Planorbis


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Planorbis

(plan-ōr'bis),
A European and North African genus of freshwater snails (family Planorbidae), including Planorbis planorbis, intermediate host of the sheep and cattle fluke, Paramphistoma cervi.
[G. planos, wandering, + L. orbis, circle, ring]

Planorbis

(plăn-or′bĭs)
A genus of freshwater snails that is the intermediate host for some species of schistosomal blood flukes.

Planorbis

a water snail intermediate host to paramphistomes.
References in periodicals archive ?
Significant alterations in catalase (CAT) level were noticed in all snail samples collected from Lake Manzala as compared with lab bread controls (except in Planorbis collected from Kobry El-Lansh and Biomphalaria from Gammalya and Biomphalaria from Nasayma).
The present results showed significant increase in AST and ALT, and ALP in Planorbis and Physa snail samples, collected from Nasayma site in Lake Manzala.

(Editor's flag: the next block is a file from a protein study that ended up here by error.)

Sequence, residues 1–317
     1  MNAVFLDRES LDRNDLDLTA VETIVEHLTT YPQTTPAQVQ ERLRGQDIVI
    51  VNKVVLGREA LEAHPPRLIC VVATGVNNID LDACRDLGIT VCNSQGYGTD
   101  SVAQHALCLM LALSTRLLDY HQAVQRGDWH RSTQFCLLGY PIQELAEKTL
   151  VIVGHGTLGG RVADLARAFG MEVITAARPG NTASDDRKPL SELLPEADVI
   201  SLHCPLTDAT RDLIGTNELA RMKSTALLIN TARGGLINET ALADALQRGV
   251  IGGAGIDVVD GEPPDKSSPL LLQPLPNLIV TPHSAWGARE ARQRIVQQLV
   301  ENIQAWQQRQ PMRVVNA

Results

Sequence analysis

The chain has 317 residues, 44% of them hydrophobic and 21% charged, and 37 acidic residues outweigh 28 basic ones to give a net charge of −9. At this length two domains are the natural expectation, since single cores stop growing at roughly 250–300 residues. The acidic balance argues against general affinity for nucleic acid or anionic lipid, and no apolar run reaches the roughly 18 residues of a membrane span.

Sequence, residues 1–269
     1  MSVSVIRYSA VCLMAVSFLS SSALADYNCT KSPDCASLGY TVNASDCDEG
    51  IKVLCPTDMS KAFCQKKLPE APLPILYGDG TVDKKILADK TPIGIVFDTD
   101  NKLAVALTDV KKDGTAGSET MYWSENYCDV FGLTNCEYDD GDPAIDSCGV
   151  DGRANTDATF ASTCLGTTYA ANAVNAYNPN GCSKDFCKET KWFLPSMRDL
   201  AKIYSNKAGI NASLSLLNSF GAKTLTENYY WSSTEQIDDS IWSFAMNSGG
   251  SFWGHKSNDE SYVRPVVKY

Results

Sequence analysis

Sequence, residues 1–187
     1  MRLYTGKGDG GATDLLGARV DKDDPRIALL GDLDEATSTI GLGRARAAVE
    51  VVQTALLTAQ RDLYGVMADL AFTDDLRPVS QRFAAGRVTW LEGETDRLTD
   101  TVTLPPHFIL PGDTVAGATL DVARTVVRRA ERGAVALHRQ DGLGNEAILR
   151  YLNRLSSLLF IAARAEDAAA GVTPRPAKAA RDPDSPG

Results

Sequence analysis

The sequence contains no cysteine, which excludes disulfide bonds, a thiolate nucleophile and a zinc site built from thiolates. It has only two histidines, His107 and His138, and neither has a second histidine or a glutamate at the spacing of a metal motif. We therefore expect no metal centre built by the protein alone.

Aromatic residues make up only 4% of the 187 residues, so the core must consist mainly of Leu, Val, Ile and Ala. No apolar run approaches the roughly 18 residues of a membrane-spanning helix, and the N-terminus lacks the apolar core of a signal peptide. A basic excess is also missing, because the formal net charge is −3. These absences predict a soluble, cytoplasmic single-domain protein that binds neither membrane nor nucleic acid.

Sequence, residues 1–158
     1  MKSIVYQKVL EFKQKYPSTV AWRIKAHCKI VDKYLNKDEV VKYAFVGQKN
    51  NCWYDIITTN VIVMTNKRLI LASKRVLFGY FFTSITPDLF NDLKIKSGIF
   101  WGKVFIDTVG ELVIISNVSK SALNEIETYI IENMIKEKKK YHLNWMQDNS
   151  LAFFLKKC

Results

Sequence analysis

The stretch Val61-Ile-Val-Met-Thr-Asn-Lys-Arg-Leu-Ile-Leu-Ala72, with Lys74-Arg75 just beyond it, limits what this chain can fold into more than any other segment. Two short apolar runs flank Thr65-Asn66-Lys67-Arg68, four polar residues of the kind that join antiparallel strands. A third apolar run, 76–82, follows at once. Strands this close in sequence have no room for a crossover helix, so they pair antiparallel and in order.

Acute and chronic effects of ibuprofeno in the mollusc Planorbis carinatus (Gastropoda: Planorbidae).
Murphy (1917) found exoskeletons of Planorbis tumens, a fresh water mollusc, and Certhidea sacrata, a brackish water species, in the dry bed of Laguna Salada.
Growth enhancement of the macrophyte Ceratophyllum demersum in the presence of the snail Planorbis planorbis: the effect of grazing and chemical conditioning.
Planorbis (Gyraulus) avakubiensis: Pilsbry & Bequaert 1927: 127, fig.
In the freshwater snail Planorbis corneas, Deliagina and Orlovsky (1990) found large pedal neurons that control ciliary beating on specific areas of the foot.
Control of locomotion in the freshwater snail Planorbis corneas.
A wide regulatory role for GLU at the cellular membrane level was also demonstrated in the CNS of other gastropod species closely related to Lymnaea, such as Helisoma and Planorbis (Jones et al.
Carbohydrate oriented metabolism of Planorbis duplicatus (Mollusca: Planorbidae) during starvation.
B] took up to 30 min to maximize adenylate cyclase activity in ganglionic homogenates of the snail Planorbis corneus (Ferretti et al.